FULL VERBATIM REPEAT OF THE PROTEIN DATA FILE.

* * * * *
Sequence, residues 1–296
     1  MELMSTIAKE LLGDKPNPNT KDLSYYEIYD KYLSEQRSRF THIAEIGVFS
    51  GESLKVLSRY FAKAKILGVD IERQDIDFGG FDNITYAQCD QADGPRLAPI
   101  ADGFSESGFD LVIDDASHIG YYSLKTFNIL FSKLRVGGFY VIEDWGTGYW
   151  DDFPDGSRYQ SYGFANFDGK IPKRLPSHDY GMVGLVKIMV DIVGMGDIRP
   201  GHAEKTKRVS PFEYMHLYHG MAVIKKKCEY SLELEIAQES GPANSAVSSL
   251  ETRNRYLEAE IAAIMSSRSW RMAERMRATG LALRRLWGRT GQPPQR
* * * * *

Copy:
Sequence, residues 1–296
     1  MELMSTIAKE LLGDKPNPNT KDLSYYEIYD KYLSEQRSRF THIAEIGVFS
    51  GESLKVLSRY FAKAKILGVD IERQDIDFGG FDNITYAQCD QADGPRLAPI
   101  ADGFSESGFD LVIDDASHIG YYSLKTFNIL FSKLRVGGFY VIEDWGTGYW
   151  DDFPDGSRYQ SYGFANFDGK IPKRLPSHDY GMVGLVKIMV DIVGMGDIRP
   201  GHAEKTKRVS PFEYMHLYHG MAVIKKKCEY SLELEIAQES GPANSAVSSL
   251  ETRNRYLEAE IAAIMSSRSW RMAERMRATG LALRRLWGRT GQPPQR